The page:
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Kirk Shillingford
Kirk Shillingford

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Solving the Protein Translator problem using F# and FParsec

This article/workbook is my attempt to solve the Protein Translation Problem on exercism.io. The whole thing was done in a .Net Interactive Workbook.

Last week, I tried this problem using Haskell (you can see the solution here) as an exploration of point free style and composition.

So let's now attempt this problem another way, using FParsec, a fully functional parser combinator library.

Without getting too much into the details, Parser Combinator libraries operate on the principle of building parsers for large, complex, or intricate data structure, by combining smaller parsers together.

So let's jump in.

Describing the problem space

(Taken from exercism):

RNA can be broken into three nucleotide sequences called codons, and then translated to a polypeptide like so:

RNA: "AUGUUUUCU" => translates to

Codons: "AUG", "UUU", "UCU" => which become a polypeptide with the following sequence =>

Protein: "Methionine", "Phenylalanine", "Serine"

There are also three terminating codons (also known as 'STOP' codons); if any of these codons are encountered (by the ribosome), all translation ends and the protein is terminated.

All subsequent codons after are ignored, like this:

RNA: "AUGUUUUCUUAAAUG" =>

Codons: "AUG", "UUU", "UCU", "UAA", "AUG" =>

Protein: "Methionine", "Phenylalanine", "Serine"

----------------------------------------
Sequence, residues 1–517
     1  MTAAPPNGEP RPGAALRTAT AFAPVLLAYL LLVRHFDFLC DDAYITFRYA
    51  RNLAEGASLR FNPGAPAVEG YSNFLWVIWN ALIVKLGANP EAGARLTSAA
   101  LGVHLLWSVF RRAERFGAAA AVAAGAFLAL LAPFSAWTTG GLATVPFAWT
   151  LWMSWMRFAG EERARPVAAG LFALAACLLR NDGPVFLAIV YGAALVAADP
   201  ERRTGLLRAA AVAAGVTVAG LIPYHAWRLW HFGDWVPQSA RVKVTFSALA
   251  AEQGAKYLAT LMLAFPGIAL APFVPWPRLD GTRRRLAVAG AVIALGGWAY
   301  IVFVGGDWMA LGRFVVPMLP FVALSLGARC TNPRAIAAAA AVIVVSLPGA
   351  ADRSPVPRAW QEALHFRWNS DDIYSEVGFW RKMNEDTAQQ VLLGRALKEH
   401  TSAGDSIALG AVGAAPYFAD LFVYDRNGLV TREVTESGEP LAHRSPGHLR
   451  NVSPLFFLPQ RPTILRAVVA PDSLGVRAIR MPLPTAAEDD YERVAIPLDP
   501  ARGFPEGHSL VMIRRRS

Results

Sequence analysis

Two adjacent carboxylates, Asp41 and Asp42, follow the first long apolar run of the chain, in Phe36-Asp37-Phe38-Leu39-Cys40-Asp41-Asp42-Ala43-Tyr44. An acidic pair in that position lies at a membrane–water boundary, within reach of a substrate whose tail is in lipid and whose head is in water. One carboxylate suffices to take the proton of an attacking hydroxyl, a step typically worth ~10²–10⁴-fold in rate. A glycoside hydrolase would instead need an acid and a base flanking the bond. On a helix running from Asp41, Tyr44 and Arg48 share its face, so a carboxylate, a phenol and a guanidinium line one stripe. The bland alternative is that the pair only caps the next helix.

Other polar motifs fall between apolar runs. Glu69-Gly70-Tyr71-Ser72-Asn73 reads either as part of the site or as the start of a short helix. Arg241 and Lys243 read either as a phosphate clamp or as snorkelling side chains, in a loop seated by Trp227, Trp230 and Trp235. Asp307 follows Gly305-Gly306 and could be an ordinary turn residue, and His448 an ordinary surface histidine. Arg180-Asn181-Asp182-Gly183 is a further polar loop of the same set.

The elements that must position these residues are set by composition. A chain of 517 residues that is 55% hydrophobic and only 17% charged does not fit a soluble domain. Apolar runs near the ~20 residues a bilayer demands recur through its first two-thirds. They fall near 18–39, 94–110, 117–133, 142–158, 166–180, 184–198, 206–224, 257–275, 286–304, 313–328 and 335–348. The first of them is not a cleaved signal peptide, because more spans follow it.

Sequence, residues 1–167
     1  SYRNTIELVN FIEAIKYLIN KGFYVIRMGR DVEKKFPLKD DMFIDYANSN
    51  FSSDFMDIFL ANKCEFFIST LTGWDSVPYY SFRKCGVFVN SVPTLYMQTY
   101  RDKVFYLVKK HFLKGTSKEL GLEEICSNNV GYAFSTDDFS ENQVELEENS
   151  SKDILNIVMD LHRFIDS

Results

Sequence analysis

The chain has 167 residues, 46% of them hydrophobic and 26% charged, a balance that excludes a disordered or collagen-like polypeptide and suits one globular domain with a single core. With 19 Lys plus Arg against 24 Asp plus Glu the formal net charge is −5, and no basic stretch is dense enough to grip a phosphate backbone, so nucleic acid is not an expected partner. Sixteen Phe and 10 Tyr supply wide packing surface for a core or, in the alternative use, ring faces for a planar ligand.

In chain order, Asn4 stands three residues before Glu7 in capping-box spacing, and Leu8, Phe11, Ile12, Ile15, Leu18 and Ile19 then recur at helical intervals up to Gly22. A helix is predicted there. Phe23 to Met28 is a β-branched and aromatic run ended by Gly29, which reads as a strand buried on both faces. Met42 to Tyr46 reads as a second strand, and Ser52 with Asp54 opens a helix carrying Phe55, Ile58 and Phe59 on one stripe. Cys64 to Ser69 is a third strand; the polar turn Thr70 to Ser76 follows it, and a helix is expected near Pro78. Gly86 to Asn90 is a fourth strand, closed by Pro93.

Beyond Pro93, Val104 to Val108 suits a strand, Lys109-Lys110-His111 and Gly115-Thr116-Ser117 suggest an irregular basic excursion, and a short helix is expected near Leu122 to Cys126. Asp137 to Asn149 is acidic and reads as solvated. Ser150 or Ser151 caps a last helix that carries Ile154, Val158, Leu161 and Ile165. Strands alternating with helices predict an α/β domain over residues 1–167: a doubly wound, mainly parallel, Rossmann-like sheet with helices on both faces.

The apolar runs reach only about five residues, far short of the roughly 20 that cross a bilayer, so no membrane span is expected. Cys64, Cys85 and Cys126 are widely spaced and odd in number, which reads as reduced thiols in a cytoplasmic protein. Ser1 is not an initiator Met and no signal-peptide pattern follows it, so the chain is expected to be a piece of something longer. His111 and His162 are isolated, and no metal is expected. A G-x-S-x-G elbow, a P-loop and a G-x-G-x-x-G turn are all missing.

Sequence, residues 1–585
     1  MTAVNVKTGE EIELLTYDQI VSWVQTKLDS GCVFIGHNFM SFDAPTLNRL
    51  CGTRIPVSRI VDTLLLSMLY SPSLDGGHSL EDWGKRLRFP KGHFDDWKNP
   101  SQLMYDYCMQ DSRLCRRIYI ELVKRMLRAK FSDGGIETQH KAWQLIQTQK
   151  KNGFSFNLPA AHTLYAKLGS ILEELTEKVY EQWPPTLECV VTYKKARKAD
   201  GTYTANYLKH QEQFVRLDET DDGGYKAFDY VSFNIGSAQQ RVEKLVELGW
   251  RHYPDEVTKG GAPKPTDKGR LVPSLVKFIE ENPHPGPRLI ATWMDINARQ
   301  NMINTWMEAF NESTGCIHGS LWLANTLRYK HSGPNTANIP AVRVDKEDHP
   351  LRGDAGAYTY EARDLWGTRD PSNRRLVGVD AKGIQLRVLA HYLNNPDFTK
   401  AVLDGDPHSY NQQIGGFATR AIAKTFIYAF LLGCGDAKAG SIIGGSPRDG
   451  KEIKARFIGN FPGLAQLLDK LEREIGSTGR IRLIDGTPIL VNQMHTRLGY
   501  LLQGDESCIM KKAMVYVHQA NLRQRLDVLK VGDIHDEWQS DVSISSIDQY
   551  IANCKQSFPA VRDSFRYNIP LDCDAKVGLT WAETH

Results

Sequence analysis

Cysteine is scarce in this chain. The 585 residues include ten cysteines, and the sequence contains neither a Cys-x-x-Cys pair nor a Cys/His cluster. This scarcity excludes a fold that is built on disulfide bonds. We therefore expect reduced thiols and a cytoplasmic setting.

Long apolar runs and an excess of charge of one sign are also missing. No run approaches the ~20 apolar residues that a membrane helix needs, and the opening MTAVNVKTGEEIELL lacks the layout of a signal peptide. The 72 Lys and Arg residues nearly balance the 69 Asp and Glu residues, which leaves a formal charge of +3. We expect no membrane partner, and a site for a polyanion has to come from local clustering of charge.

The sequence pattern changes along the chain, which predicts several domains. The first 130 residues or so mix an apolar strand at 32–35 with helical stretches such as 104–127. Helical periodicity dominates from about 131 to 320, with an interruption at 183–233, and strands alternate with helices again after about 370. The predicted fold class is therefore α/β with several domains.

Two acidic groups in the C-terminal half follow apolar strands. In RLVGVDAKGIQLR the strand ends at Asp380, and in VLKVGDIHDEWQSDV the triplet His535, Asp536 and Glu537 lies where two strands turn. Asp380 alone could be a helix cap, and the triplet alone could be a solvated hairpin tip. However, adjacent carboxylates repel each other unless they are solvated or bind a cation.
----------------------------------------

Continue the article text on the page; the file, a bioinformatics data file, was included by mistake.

Note the stop codon "UAA" terminates the translation and the final methionine is not translated into the protein sequence.

Below are the codons and resulting Amino Acids needed for the exercise.

  • AUG -> Methionine
  • UUU, UUC -> Phenylalanine
  • UUA, UUG -> Leucine
  • UCU, UCC, UCA, UCG -> Serine
  • UAU, UAC -> Tyrosine
  • UGU, UGC -> Cysteine
  • UGG -> Tryptophan
  • UAA, UAG, UGA -> STOP

Defining our goal

To call this solution solved, our requirements are as follows:

  • Define a function proteins that accepts a string, and returns an Option type which either produces a List of Strings representing our proteins or None. This is the original goal of the exercise.
  • An additional requirement that our solution stop consuming inputs once the appropriate output has been achieved.

Importing the relevant libraries

It turns out we only need to import the FParsec library. Everything else we need is a native function.

#r "nuget: FParsec"
open FParsec
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Defining our domain

Let's create some types to represent our domain space. In this case, we just need presentation of our codons and our proteins.

We're going to represent our codons as two separate types, ProteinCodon, which can be translated into protein amino acids, and StopCodon, which represent STOP.

type ProteinCodon = AUG | UUU | UUC | UUA | UUG | UCU | UCC | UCA | UCG | UAU | UAC | UGU | UGC | UGG 

type StopCodon = UAA | UAG | UGA

type Protein = Methionine | Phenylalanine | Leucine | Serine | Tyrosine | Cysteine | Tryptophan
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Defining our helper functions

We need a few functions to help us out here. toProtein takes a ProteinCodon and returns the corresponding Protein.

let toProtein =
  function
    | AUG -> Methionine
    | UUU -> Phenylalanine
    | UUC -> Phenylalanine
    | UUA -> Leucine
    | UUG -> Leucine
    | UCU -> Serine
    | UCC -> Serine
    | UCA -> Serine
    | UCG -> Serine